One of the first things that anyone who works with AdWords should learn about is the free conversion tracking Google provides to all its AdWords associates. This tracking enables you to find out what happens after someone clicks on your advertisement, including whether they proceed to call you, download an app from your site, purchase something from your store, or sign up for your newsletter. It also allows you to determine the most potent keywords that you’ve used, and more importantly, to take all of this information and put it to practical use by fine tuning your advertising campaigns.

Setting up conversion tracking

As you might expect, conversion tracking can be set up directly from the AdWords site. Simply login to your AdWords account, head to the tools tab, and select “Conversions” from the menu. From the conversions menu, select the conversion tab and click the button marked “Conversion”, which will prompt you to select a name for your tracking as well as provide details regarding what kind of tracking you want to set up. Once completed, AdWords will provide you with a snippet of code that needs to be added to your site in order to track conversions. Even if you don’t know how to use HTML, applying this code to your site should take only a few seconds with the step by step instructions provided by Google alongside the code. Once added, AdWords will begin collecting information about your conversions almost immediately.

Importing Conversions to AdWords

One feature only recently added to AdWords allows you to import offline conversion data into AdWords to see how your ads affect offline sales. The way it works is simple. When a consumer clicks on your ad, AdWords provides you with a unique ID for that click identifying the user and the ad, then storing that data into your AdWords database. Once the sale is made, you can select that ID, choose the type of conversion you wish to mark, and enter it alongside the remainder of your tracked AdWords conversions. Although this process will require the extra step of integrating your offline data, it’s also one of the best ways to get a complete picture of the true value of your conversions.

Mobile Conversions

Another recent addition to the AdWords arsenal of features is mobile tracking. If someone browses your site from a mobile device and is allowed to click a number to call it, tracking those calls is as simple as tracking website traffic. If you don’t take orders through your site or do a large part of your business over the phone, tracking calls may be an essential part of conversion tracking for your business. Much like other forms of conversion tracking, tracking mobile calls can be done through the AdWords conversion menu. Simply select the conversion button, enter a name for the conversion, and when prompted to provide a source select “Call-on-site.” Just like other conversion tracking, you’ll have to enter a snippet of code into your site.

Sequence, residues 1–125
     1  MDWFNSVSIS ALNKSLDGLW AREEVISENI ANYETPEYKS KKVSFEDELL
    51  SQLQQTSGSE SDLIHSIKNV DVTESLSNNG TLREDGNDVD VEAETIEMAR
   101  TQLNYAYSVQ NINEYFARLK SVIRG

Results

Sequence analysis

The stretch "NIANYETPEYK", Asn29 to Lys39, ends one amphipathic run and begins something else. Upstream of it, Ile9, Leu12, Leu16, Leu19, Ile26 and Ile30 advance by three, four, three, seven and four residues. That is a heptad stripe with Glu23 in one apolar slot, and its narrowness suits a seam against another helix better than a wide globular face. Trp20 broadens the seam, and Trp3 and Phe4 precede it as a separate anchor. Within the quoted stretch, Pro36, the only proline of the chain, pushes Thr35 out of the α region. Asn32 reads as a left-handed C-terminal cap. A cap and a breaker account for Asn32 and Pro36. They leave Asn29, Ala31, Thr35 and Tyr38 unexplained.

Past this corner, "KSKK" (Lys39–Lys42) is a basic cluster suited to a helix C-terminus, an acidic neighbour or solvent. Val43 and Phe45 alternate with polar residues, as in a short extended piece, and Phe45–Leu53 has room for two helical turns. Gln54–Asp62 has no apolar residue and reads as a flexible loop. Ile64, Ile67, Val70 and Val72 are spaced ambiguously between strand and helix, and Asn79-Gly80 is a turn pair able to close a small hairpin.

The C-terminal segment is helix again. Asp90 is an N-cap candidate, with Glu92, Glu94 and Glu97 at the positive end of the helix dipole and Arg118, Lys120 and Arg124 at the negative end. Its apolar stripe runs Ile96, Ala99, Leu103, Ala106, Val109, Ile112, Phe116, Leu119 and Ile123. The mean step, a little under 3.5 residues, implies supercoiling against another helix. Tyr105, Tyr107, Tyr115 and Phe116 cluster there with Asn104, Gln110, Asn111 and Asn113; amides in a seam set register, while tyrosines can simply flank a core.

Why Bother?

One question worth asking is exactly why tracking and measurement is important. The most obvious reason why you should track your conversions is because tracking can help you identify which keywords are working for your business. With that information in hand, it’s possible to spend more of your advertising budget on the keywords that are producing results and less on those which are falling short of your expectations. In that regard, tracking conversions is one of the best ways to improve your return on investment (ROI) from your advertising. Additionally, it’s surprisingly easy to analyze the data you collect. From the campaigns tab of your AdWords account, you can select Columns -> Conversions in order to find an analysis of your data. Two of the most important elements of this analysis include the total count of conversions you’ve received from a single ad click, which allows you to develop a highly accurate estimate of how many new customers your ads are producing, and the ratio of money spent on ad clicks to conversions developed (which gives you a crystal clear picture of your ROI.